This is the tremendous difference in the Christian message. What had been shrouded and partial is now clear and complete in Christ. God himself has shown his true nature. God coming in person is a more perfect revelation than giving his words to prophets. Kenneth Cragg describes Qur'anic revelation:
In contrast, the incarnation demonstrates God's desire for fellowship. He comes himself. He does not just send a messenger or his word. Christianity is a call to relationship, not just obedience to God's law. This was foreshadowed by the prophet Jeremiah.
The sin of shirk is associating other things with God. That is not what Christians have done with Christ. For Christ already was associated with God from the beginning. He is God. Christians do not make him God. Christians do not assign divine attributes to Christ. He is divine. Those attributes are his by nature.
It is not a sin to accept God's revelation of himself. God has chosen to reveal himself in Christ. It is a unique and perfect revelation, in that it is personal. "The Revealer and what is revealed are identi- cal."
The revelation is unique, perfect, and also final. "When someone has disclosed himself ultimately in a definite, particular event, he cannot again disclose himself in the same sense in another event different from the first." Once we have seen God we need no further revelation of him.
Christ, therefore, does not steal from the unity of God, but contributes to it. He reveals God's essential unity and nature. Christ does not attempt to minimize God's forgiveness--on the cross he reveals a merciful God. Christ does not steal a position of sonship--he reveals God as father. Christ does not raise himself up to heaven--he reveals a God who is willing to come down from heaven to reveal himself to humanity.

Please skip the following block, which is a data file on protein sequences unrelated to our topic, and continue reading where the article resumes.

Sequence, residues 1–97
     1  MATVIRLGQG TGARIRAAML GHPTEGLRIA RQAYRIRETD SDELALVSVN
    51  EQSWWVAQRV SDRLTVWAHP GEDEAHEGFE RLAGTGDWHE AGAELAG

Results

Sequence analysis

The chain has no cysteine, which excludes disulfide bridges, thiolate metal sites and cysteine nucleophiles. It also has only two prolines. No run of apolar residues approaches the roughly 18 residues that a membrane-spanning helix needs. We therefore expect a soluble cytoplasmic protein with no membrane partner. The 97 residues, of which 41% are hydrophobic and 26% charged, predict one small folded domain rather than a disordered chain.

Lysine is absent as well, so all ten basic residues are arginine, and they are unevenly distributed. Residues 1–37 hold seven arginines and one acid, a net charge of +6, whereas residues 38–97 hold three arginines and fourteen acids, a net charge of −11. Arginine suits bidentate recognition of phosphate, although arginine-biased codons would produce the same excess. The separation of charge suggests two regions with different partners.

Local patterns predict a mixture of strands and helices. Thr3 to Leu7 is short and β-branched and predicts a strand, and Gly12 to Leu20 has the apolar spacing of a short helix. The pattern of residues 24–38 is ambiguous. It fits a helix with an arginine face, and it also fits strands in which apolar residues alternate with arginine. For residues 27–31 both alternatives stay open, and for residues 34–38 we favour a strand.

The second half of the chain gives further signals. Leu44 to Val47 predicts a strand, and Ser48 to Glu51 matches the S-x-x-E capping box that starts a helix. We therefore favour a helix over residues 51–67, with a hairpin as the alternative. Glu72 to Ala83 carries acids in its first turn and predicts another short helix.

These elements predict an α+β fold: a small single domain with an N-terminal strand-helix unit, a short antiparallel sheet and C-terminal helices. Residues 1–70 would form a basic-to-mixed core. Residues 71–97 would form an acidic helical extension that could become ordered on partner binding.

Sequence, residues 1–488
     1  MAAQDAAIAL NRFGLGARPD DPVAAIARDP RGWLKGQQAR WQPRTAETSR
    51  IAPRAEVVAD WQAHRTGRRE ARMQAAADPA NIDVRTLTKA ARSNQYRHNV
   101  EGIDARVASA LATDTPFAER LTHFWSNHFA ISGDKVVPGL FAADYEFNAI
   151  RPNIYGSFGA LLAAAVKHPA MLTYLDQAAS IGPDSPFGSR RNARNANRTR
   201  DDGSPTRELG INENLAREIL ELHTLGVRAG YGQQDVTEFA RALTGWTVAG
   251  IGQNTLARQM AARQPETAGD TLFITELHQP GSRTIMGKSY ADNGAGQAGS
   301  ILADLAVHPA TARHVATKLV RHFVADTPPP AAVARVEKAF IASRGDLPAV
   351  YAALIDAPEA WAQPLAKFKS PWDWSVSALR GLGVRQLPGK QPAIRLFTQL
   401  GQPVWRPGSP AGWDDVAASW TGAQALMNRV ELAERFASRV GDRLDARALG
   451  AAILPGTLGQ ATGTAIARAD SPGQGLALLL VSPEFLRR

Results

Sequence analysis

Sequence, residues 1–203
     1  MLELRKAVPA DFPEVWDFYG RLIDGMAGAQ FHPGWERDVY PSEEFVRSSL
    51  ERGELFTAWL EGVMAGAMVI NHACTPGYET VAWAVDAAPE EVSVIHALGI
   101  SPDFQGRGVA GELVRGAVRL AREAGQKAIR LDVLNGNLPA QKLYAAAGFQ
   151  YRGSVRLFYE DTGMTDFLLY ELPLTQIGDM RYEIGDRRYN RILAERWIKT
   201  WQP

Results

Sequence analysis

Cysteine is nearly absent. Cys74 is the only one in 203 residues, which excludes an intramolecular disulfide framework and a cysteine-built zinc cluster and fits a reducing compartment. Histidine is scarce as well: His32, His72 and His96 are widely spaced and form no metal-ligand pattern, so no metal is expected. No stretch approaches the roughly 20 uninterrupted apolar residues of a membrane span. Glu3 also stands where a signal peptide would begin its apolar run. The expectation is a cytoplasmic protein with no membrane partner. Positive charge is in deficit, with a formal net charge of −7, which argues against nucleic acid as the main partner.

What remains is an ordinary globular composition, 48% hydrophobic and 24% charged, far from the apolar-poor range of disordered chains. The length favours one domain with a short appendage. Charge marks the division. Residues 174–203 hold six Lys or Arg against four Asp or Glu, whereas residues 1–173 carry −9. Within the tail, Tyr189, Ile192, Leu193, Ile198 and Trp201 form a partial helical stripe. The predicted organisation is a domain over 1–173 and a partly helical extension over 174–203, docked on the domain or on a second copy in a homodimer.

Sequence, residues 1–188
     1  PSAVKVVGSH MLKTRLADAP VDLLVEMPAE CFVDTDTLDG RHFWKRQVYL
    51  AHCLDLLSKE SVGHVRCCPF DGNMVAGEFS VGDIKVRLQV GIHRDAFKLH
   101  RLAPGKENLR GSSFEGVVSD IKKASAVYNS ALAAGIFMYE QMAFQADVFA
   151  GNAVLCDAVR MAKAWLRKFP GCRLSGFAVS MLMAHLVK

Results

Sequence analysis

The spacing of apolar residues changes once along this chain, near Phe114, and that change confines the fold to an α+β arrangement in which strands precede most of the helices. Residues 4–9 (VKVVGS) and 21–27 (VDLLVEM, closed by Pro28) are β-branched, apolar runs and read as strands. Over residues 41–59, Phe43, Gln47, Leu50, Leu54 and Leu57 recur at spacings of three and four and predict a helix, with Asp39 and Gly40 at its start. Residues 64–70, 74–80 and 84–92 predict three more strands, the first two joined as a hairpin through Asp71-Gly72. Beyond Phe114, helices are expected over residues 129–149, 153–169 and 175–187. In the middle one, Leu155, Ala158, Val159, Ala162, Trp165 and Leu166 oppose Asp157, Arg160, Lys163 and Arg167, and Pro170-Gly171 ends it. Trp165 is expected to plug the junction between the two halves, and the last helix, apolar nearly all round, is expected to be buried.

God's Sovereignty and the Incarnation Sin is in opposition to God's holiness. It has created an impenetrable barrier between God and us. It cannot be compensated for by our good works, as Muslims believe. To think good works can outweigh our evil minimizes the seriousness of sin. God has been dishonored by our sinful behavior and there is nothing we can do to rectify the situation.
Only our loving and all powerful God can deal with our sin. Only he is able to remove the barrier in our relationship with him. This is the revelation we have through Christ: that God himself has come to deal with our sin problem. His honor compels him. Love compels him. Mercy compels him. He is the only one powerful and holy enough to accomplish our redemption.
Humanly, death on the cross is seen as weakness, but from a spiritual perspective it is God's victorious defeat of sin.
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'Ali, Maulana Muhammad. The Religion of Islam. 3rd ed. Lahore, Pakistan: Ripon Printing Press LTD., 1971.
Chowdhry, Aziz A. "Essence of the Teachings of Jesus." The Review of Religions 79:12 (December 1984): 26-32.
Cragg, Kenneth. The Call of the Minaret. 2nd ed. Maryknoll, NY: Orbis Books, 1985.
The Holy Qur'an. Trans. by A. Yusuf Ali. Brentwood, MD: Amana Corp., 1983.
Pannenberg, Wolfhart. Jesus, God and Man. Trans. by Lewis L. Wilkins and Duane
A. Priebe. Philadelphia: Westminister Press, 1977.
Parshall, Phil. New Paths in Muslim Evangelism. Grand Rapids: Baker, 1980.
Ullah, Mohammed Zia. Islamic Concept of God. Boston: Kegan Paul International, 1984.
Watt, W. Montgomery. Islam and Christianity Today: A Contribution to Dialogue. Boston: Routledge & Kegan Paul, 1983.
Welch, Claude. In This Name. New York: Charles Scribner's Sons, 1952.